In my branch of the Cranston family the name George is so common it gets down right confusing. My oldest son, as a matter of fact, is the sixth George in succession dating back to the original George Tillinghast Cranston, the famed Swamptown Merchant, Civil War hero, and State Senator. But we Cranstons don’t hold a candle to the Wightman family of our fair town’s Quidnessett section, who have taken the use of name George to an almost religious level. In the Wightman family plot alone, adjacent to the Wightman Homestead, there is a memorial boulder detailing the life and death of 10 generations of George Wightmans. If you thumb through the index of the three-volume Wightman Genealogy you would find two full pages of George Wightmans listed there. The Wightmans are truly serious about their Georges.
Ownership of the land that the Wightman Homestead sets upon can be traced all the way back to 1660, when Valentine Wightman, the older brother of the very first George, purchased the land from Sir Humphrey Atherton, Rhode Island’s very first real estate mogul. Valentine had been in these parts for quite a time, as he is noted in the historic record as a Narragansett and Wampanoag interpreter who worked primarily with Roger Williams. In May of 1682 Valentine sold his Quidnessett holdings to younger brother George, who had recently married a young lass he had met through this same brother. George’s marriage to Elizabeth Updike, granddaughter of Richard Smith of Smith’s Castle fame, joined together two of the most prominent families in all of the colony. The Updikes owned 2,000 acres or more centered around Cocumscussoc and George and his bride owned another 2,000 acres spread between Quidnessett, Exeter and Westerly. The Wightman Homestead was the centerpiece of this empire.
The house, as it is seen today, is a sum of many parts. A small portion of the southeastern side of the building traces all the way back to the 1690s. The main portion of the house with its period paneling, inverted Y-stacked chimney with chimney breasts and a built-in corner cabinet, and narrow sash windows is typical of early 18th century construction, while the big addition appears to be middle 19th century in style and composition. The house remained in the Wightman family more than 200 years, but after this the land’s record of ownership becomes complicated and convoluted with various portions of the farm often being encompassed in other large Quidnessett landholdings. For example, in 1905 a land division went right through the house itself, with Isaac Goff of the Mount View Farm owning the western half and Nathan and Mary Waldron of the nearby Waldron Farm owning the eastern side. In 1925 the whole parcel was reunited under one owner, Joseph Fletcher (for whom Fletcher Road was named) who ran it as Cedar Crest Farm. Cedar Crest Farm was styled as “the only harness horsebreeding operation in the region” and eventually was incorporated into the Knight Farm which was centered around the land that is now Quidnessett Country Club. By the 1950s the land was owned by the Swanson family and called Swanholme Farm. The Swansons ran it as a dairy farm until the middle 1980s, making it one of the few farms in the region in continuous agricultural production for more than three centuries.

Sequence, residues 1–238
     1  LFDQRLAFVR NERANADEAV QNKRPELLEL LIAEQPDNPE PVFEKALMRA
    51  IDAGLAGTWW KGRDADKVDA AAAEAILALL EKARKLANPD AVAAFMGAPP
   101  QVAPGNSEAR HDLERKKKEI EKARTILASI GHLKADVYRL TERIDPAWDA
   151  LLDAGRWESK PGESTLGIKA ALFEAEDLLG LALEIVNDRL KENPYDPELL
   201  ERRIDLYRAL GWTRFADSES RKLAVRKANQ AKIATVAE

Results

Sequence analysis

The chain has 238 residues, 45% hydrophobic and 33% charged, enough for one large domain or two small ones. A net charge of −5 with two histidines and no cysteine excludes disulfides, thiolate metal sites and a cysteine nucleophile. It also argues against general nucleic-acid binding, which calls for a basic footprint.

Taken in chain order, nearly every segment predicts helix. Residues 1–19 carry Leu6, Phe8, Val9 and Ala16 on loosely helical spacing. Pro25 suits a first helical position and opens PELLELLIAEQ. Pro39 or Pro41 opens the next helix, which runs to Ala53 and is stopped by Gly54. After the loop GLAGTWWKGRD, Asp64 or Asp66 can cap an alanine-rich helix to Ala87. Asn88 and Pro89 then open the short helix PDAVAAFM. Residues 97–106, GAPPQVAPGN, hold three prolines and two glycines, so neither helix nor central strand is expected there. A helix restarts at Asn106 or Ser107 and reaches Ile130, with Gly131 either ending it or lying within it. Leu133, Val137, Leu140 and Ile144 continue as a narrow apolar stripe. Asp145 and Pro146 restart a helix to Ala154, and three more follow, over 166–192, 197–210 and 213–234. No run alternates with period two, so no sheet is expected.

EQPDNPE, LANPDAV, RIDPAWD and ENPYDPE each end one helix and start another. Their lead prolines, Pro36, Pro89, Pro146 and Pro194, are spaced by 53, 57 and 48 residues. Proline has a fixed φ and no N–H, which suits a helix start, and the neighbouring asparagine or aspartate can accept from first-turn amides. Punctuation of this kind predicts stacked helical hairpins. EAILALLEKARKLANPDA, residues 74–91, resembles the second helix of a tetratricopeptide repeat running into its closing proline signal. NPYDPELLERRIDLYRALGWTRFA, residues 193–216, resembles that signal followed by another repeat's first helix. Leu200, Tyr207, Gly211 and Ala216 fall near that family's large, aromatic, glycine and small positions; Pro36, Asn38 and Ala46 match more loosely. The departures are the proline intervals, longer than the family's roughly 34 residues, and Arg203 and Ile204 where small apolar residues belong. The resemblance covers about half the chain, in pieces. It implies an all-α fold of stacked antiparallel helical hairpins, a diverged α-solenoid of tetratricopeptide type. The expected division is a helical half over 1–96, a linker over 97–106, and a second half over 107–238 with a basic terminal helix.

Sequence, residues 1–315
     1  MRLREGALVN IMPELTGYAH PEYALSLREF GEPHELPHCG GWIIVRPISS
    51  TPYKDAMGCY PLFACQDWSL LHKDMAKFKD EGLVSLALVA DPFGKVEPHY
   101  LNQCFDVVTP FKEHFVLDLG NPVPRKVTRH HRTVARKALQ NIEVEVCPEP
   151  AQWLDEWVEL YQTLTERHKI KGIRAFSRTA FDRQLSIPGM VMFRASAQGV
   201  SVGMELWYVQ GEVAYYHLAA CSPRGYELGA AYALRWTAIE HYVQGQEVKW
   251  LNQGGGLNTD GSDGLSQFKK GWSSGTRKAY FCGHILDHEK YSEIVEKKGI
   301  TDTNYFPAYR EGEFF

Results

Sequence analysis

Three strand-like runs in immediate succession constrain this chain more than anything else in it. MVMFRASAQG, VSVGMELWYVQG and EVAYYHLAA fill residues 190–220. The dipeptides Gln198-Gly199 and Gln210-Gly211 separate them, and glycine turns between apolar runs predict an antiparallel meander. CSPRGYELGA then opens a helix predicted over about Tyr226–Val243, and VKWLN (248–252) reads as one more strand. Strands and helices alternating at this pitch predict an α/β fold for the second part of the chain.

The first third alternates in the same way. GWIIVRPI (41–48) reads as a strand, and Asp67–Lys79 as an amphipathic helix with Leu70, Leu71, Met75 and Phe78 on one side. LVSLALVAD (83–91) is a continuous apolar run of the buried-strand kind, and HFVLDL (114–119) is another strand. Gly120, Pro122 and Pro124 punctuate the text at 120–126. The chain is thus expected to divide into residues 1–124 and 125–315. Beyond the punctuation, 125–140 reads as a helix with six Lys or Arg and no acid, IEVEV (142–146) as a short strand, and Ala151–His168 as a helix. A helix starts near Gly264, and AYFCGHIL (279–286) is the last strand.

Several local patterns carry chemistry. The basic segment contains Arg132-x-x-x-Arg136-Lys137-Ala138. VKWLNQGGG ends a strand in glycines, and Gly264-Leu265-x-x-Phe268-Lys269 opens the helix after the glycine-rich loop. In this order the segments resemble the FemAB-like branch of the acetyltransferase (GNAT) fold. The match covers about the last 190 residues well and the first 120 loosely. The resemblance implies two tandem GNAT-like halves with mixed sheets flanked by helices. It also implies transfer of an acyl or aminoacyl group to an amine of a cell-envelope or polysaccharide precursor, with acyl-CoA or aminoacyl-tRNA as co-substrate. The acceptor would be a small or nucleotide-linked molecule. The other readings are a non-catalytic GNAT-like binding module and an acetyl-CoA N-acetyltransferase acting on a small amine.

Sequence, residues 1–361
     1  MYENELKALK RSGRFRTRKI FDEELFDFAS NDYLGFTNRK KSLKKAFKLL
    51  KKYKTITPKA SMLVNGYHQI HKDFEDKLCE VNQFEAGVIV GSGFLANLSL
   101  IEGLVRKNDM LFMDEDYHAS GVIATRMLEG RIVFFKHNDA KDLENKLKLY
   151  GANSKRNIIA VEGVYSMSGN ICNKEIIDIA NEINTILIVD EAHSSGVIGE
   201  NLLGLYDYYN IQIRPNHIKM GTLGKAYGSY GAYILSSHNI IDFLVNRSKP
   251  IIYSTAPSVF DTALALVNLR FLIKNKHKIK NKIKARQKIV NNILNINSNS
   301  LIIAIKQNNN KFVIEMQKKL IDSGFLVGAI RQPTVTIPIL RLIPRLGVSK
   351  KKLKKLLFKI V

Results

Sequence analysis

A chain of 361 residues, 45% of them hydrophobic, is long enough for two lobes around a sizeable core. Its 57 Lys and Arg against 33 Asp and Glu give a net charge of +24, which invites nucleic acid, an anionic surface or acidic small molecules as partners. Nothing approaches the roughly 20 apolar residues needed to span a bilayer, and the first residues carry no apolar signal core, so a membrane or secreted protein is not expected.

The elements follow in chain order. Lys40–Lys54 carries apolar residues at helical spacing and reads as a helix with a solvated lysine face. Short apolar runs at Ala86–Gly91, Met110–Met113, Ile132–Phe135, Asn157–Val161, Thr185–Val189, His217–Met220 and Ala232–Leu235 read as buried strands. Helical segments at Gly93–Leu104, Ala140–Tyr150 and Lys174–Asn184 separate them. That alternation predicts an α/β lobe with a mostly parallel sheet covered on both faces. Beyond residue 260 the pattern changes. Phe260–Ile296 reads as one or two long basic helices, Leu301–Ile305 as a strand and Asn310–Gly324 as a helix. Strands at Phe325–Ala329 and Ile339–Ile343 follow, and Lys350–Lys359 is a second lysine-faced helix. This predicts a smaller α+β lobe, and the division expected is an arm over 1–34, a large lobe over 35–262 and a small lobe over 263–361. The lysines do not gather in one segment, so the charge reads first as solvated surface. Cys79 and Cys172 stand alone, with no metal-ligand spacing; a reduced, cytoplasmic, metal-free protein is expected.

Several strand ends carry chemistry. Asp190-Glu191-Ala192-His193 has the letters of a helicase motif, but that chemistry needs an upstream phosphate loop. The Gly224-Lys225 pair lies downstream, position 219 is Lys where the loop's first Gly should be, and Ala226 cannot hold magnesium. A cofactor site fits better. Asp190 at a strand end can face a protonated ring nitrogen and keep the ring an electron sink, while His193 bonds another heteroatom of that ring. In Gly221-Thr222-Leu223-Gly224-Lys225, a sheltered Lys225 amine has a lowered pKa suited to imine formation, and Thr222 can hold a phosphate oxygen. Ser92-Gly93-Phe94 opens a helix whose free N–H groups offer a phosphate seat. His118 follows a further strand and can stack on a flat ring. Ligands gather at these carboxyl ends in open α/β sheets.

The old farm is now just another housing development centered around Capt. John Wightman Lane (why it is not called George Wightman Lane is beyond me). But once it was home to generation upon generation of Wightmans, a family whose roots extend back to a man named Valentine who had the marvelous ability to be able to talk with the native people of the Narragansett lands.